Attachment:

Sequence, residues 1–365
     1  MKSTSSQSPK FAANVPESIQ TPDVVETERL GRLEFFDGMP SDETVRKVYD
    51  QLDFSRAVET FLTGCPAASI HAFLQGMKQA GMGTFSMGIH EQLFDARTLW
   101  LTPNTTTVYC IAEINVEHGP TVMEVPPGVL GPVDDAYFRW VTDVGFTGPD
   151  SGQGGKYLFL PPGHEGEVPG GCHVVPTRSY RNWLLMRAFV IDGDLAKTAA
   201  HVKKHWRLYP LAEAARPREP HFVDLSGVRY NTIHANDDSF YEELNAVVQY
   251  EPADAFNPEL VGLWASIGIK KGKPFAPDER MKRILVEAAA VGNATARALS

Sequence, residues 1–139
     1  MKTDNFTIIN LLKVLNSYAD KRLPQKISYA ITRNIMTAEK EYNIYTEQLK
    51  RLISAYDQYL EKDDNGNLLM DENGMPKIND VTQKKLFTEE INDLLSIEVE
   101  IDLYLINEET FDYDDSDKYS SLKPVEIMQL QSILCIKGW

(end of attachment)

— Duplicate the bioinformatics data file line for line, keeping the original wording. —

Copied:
Sequence, residues 1–365
     1  MKSTSSQSPK FAANVPESIQ TPDVVETERL GRLEFFDGMP SDETVRKVYD
    51  QLDFSRAVET FLTGCPAASI HAFLQGMKQA GMGTFSMGIH EQLFDARTLW
   101  LTPNTTTVYC IAEINVEHGP TVMEVPPGVL GPVDDAYFRW VTDVGFTGPD
   151  SGQGGKYLFL PPGHEGEVPG GCHVVPTRSY RNWLLMRAFV IDGDLAKTAA
   201  HVKKHWRLYP LAEAARPREP HFVDLSGVRY NTIHANDDSF YEELNAVVQY
   251  EPADAFNPEL VGLWASIGIK KGKPFAPDER MKRILVEAAA VGNATARALS

Sequence, residues 1–139
     1  MKTDNFTIIN LLKVLNSYAD KRLPQKISYA ITRNIMTAEK EYNIYTEQLK
    51  RLISAYDQYL EKDDNGNLLM DENGMPKIND VTQKKLFTEE INDLLSIEVE
   101  IDLYLINEET FDYDDSDKYS SLKPVEIMQL QSILCIKGW